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overshadow

[oh-ver-shad-oh]
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verb (used with object)
  1. to be more important or significant by comparison: For years he overshadowed his brother.
  2. to cast a shadow over; cover with shadows, clouds, darkness, etc.; darken or obscure: clouds overshadowing the moon.
  3. to make sad or hang heavily over; cast a pall on: a disappointment that overshadowed their last years.
  4. Archaic. to shelter or protect.
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Origin of overshadow

before 900; Middle English overshadewen, Old English ofersceadwian. See over-, shadow
Related formso·ver·shad·ow·er, nouno·ver·shad·ow·ing·ly, adverb

Synonyms for overshadow

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Dictionary.com Unabridged Based on the Random House Unabridged Dictionary, © Random House, Inc. 2018

Related Words for overshadow

outweigh, dim, dwarf, eclipse, dominate, cloud, bedim, darken, preponderate, overcast, excel, rule, outshine, haze, obfuscate, command, adumbrate, surpass, govern, becloud

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British Dictionary definitions for overshadow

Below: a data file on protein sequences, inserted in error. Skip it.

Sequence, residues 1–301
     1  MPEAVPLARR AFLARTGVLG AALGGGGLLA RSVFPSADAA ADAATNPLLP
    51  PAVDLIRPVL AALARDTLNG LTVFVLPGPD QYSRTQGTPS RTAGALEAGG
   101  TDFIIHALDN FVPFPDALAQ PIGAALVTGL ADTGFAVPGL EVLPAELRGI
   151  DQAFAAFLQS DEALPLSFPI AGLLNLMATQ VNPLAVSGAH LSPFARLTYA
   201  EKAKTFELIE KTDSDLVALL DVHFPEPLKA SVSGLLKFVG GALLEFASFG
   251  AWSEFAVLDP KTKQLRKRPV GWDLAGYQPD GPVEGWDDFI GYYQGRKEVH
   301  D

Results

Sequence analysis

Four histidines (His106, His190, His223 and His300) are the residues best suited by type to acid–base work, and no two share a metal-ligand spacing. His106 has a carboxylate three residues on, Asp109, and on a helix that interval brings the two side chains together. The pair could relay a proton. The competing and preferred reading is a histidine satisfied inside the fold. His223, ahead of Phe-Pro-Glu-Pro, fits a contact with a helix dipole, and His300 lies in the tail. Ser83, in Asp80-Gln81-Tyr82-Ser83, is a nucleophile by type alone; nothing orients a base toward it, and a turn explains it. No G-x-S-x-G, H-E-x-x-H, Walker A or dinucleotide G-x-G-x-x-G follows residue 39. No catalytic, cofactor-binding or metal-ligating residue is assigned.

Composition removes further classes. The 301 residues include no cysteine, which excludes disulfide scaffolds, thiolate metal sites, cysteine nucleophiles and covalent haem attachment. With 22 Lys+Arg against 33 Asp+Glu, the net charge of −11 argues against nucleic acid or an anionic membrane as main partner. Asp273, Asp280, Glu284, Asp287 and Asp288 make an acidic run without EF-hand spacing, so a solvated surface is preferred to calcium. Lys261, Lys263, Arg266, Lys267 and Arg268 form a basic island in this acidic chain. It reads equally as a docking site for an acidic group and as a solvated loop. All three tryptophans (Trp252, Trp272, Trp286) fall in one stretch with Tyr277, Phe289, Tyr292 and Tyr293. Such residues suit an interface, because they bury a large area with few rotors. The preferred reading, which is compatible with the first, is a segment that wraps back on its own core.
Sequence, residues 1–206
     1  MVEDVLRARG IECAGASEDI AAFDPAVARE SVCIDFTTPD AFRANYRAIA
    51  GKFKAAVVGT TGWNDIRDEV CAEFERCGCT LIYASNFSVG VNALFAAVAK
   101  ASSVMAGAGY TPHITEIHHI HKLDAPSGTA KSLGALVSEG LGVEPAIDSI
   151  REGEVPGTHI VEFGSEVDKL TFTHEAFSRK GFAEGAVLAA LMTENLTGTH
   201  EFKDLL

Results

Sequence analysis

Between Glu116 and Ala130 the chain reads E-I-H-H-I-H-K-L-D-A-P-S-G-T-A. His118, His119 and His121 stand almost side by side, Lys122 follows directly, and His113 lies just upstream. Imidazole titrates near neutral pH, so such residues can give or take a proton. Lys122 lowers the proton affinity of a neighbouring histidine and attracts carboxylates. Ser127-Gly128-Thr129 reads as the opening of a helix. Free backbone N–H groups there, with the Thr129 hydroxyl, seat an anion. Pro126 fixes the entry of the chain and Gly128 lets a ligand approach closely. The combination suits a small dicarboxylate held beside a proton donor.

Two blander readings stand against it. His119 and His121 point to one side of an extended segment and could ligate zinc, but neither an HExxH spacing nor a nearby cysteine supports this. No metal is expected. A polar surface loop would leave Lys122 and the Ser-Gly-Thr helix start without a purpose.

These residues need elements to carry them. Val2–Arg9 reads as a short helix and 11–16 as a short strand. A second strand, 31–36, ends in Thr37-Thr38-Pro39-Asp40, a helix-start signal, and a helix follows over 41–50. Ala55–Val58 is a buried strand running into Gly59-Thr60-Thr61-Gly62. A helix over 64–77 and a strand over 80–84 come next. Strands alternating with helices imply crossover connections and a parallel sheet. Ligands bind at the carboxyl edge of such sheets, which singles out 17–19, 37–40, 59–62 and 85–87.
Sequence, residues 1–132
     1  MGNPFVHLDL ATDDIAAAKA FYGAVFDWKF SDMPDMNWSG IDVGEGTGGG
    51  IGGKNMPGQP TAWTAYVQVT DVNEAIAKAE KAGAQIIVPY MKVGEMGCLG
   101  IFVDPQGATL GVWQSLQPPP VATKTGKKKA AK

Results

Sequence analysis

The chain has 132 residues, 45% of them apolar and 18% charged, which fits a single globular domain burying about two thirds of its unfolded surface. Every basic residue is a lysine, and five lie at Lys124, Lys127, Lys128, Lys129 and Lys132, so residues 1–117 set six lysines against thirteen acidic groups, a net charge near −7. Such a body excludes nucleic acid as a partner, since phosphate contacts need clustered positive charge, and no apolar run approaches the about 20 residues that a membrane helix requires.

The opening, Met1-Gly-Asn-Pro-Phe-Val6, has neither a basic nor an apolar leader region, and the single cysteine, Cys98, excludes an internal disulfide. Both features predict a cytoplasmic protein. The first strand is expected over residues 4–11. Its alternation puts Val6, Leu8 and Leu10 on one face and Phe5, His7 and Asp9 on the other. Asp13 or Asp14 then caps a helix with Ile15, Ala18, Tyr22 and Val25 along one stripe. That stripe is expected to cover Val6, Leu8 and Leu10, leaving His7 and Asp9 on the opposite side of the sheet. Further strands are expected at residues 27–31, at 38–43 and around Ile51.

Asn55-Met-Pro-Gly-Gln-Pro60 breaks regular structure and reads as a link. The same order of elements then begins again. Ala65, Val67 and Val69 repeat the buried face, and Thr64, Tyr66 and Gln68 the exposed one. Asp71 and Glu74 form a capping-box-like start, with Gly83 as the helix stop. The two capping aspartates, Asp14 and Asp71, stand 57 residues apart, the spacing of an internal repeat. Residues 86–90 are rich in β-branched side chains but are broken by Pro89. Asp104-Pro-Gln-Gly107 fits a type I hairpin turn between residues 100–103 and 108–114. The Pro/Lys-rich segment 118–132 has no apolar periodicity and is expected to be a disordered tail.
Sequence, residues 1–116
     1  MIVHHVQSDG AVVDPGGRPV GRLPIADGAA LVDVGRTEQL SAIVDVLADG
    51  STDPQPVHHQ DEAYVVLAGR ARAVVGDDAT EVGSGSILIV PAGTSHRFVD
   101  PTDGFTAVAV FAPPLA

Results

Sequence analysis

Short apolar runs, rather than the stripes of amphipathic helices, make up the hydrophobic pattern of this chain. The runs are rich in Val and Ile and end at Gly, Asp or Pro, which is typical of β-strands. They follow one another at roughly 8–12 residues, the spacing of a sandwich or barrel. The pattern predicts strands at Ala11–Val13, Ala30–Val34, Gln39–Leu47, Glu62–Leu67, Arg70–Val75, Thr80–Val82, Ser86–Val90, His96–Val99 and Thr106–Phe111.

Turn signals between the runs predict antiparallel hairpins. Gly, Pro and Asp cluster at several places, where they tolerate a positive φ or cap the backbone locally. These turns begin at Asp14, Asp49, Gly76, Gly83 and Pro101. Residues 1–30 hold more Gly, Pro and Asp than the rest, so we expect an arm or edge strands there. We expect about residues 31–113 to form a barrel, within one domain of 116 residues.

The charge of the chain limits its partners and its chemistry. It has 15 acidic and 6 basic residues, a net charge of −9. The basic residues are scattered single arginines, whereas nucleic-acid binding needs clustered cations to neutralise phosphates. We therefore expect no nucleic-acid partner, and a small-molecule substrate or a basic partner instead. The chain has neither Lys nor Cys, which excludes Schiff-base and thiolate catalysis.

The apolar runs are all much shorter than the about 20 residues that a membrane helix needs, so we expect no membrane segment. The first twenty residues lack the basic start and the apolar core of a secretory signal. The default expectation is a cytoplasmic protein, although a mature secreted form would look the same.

overshadow

verb (tr)
  1. to render insignificant or less important in comparison
  2. to cast a shadow or gloom over
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Collins English Dictionary - Complete & Unabridged 2012 Digital Edition © William Collins Sons & Co. Ltd. 1979, 1986 © HarperCollins Publishers 1998, 2000, 2003, 2005, 2006, 2007, 2009, 2012

Word Origin and History for overshadow

v.

Old English ofersceadwian "to cast a shadow over, obscure;" see over + shadow (v.). It was used to render Latin obumbrare in New Testament, as were Middle High German überschatewen, Middle Dutch overschaduwen, Gothic ufarskadwjan. Figurative sense is from 1580s. Related: Overshadowed; overshadowing.

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Online Etymology Dictionary, © 2010 Douglas Harper